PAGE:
StateFencersAll Jobs Average
    NSW38.731.8
    VIC16.725.5
    QLD19.619.8
    SA14.86.8
    WA7.211.2
    TAS1.12.0
    NT1.41.1
    ACT0.51.8

    Age Profile

    Age Profile (% share)

    Source: Based on ABS Labour Force Survey, annual average 2016, Cat. No. 6291.0.55.003: Customised Report. Age profile of workers in this job compared to the all jobs average.
    Age BracketFencersAll Jobs AverageAll Jobs Average
    15-194.7-5.45.4
    20-2417.5-9.99.9
    25-3420.3-23.423.4
    35-4411.7-21.721.7
    45-5417.1-21.121.1
    55-5912.9-8.78.7
    60-6413.7-5.95.9
    65 and Over2.0-3.83.8

    Gender

    Male Share

    Female Share

    Gender (% share)

    Source: Based on ABS Labour Force Survey, annual average 2016, Cat. No. 6291.0.55.003: Customised Report. Male and female share of employment in this job compared to the all jobs average.
    CategoryFencersCategoryAll Jobs Average
    Males96.6Males53.6
    Females3.4Females46.4

    Education Level

    Top Education Levels

    Highest Level of Education (% share)

    No data is available for the selected graph for this Occupation.

    A Certificate II or III, or at least 1 year of relevant experience, is usually needed to work in this job.
    Around one in four workers have a Certificate III/IV. Even with a qualification, sometimes experience or on-the-job training is necessary.

    If you are interested in this style of work, there are a wide range of training options available that could lead to this or a similar job.
    The pathway that is right for you will depend on your skills and interests.

    It is a good idea to speak to industry bodies, employers, and workers to learn more about the skills and qualifications you will need.

    Employers look for Fencers who are reliable, physically fit and are hardworking.

    Knowledge

    The topics, subjects, or knowledge areas workers rate as most important are shown below.

    1. Building and Construction

      67% Important

      Materials, methods, and the tools used to construction or repair of houses, buildings, or other structures such as highways and roads.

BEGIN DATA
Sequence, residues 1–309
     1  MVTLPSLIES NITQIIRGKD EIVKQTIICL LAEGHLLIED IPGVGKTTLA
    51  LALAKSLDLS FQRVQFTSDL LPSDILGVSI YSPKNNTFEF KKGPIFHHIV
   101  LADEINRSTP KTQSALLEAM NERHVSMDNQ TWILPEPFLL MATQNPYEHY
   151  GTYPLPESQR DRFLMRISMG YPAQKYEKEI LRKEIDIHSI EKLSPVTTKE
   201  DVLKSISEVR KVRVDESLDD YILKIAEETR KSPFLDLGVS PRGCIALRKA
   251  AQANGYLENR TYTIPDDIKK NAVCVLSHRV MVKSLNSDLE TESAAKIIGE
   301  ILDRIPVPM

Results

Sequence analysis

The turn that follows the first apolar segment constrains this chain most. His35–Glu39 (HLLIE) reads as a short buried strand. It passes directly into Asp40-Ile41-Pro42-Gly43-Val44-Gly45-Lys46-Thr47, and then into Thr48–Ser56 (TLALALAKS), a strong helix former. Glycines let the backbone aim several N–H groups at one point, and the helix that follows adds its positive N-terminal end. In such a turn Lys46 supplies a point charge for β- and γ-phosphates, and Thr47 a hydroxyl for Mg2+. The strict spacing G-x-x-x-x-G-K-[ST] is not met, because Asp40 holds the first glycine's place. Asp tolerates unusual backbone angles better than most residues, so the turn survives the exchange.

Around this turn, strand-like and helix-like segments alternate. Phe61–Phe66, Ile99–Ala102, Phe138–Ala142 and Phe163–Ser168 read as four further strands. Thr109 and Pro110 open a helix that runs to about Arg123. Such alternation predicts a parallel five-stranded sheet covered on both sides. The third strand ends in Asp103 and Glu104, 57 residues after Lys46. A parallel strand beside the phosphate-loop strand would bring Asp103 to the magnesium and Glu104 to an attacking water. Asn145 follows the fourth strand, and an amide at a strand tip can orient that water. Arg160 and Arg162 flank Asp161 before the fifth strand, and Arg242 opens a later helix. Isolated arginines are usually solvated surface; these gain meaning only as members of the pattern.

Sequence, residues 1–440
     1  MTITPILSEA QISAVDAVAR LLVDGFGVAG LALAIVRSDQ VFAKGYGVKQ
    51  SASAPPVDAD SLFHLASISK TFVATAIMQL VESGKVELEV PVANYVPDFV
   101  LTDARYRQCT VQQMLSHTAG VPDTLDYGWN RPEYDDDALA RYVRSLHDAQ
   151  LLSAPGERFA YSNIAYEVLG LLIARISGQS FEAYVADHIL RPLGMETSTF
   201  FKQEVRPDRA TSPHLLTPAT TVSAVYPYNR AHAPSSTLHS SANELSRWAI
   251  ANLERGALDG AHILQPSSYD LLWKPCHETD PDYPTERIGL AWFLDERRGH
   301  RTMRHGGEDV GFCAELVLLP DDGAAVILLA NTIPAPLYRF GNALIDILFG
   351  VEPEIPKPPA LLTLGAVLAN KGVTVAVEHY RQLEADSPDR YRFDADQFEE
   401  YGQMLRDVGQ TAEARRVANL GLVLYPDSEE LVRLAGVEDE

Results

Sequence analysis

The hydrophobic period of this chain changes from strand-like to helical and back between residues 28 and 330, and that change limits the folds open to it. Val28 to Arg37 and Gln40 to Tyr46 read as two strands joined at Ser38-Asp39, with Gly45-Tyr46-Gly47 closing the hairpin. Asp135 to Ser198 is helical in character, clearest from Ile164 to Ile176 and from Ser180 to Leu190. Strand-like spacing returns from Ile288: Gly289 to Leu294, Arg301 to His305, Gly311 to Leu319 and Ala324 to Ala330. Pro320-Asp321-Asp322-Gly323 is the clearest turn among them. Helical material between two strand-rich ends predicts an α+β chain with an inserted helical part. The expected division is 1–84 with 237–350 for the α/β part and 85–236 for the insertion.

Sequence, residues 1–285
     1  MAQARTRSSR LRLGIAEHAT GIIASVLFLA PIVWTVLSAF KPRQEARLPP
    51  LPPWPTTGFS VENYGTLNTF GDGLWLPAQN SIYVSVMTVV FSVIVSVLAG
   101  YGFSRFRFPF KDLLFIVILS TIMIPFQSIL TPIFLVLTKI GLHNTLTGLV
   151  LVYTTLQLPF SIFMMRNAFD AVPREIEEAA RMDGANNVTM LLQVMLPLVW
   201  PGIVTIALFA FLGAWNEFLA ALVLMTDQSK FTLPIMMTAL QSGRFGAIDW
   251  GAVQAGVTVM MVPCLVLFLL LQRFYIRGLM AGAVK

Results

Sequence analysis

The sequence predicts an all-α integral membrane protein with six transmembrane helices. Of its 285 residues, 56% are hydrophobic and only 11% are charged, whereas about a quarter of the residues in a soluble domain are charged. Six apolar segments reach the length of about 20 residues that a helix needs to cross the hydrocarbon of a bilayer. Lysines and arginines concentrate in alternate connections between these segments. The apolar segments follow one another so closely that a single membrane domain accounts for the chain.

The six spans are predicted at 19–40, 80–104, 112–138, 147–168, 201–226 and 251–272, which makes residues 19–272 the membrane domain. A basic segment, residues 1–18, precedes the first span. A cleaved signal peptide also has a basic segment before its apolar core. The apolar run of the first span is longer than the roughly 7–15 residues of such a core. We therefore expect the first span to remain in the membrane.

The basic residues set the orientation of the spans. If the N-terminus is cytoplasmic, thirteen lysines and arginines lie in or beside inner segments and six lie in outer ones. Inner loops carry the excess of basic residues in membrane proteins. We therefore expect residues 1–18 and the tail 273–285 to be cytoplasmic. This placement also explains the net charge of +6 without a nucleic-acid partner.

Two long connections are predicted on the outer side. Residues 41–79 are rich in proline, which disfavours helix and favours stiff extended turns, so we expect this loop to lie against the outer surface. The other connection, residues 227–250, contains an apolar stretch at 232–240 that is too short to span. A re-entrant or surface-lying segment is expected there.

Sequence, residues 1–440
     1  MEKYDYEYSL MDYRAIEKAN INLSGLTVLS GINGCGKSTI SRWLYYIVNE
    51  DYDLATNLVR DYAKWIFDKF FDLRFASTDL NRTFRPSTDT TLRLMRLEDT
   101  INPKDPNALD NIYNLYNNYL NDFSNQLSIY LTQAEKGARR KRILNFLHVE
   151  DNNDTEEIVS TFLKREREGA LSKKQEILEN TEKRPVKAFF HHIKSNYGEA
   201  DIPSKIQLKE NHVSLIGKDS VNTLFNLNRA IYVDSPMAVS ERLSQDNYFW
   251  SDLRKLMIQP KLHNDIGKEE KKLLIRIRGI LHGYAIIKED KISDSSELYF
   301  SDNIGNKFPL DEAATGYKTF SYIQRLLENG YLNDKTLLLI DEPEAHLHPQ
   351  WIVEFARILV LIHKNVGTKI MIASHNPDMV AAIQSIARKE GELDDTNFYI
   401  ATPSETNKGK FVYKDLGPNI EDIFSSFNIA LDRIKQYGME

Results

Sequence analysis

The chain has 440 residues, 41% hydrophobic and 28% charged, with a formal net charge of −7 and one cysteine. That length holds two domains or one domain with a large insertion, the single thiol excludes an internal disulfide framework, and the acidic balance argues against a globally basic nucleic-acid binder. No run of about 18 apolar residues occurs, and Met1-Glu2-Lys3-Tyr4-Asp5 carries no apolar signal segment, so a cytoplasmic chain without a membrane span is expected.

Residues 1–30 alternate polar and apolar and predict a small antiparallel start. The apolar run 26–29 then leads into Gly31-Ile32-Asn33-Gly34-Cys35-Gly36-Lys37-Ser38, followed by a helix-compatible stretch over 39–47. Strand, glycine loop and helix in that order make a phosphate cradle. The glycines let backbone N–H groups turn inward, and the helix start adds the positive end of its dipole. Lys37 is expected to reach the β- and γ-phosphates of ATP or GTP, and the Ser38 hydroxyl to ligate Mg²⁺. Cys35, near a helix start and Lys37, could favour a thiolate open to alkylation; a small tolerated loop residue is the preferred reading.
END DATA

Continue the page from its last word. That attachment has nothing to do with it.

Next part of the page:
2. Customer and Personal Service

      54% Important

      Customer and personal services. This includes understanding customer needs, providing good quality service, and measuring customer satisfaction.

    3. Sales and Marketing

      48% Important

      Showing, promoting, and selling products or services. This includes marketing strategy and tactics, product demonstration, sales techniques, and sales control systems.

    4. Administration and Management

      48% Important

      Planning and coordination of people and resources.

    5. English Language

      47% Important

      English language including the meaning and spelling of words, rules of composition, and grammar.

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    Learn about the daily activities, and physical and social demands faced by workers. Explore the values and work styles that workers rate as most important.

    Activities

    The work activities workers rate as most important are shown below.

    1. Performing General Physical Activities

      85% Important

      Doing things that use of your arms and legs and whole body, such as climbing, lifting, balancing, walking, stooping, and handling of materials.

    2. Handling and Moving Objects

      83% Important

      Using hands and arms in handling, installing, positioning, and moving materials, and manipulating things.

    3. Operating Vehicles or Equipment

      83% Important

      Running, manoeuvring, navigating, or driving things like forklifts, passenger vehicles, aircraft, or water craft.

    4. Controlling Machines and Processes

      73% Important

      Operate machines or processes either directly or using controls (not including computers or vehicles).

    5. Making Decisions and Solving Problems

      71% Important

      Using information to work out the best solution and solve problems.

    Occupational Information Network Fence Erectors Opens in a new window
    O*NET is a trademark of the U.S. Department of Labor, Employment and Training Administration. The information on this site is derived from the US Department of Labor O*NET Database Version 21.2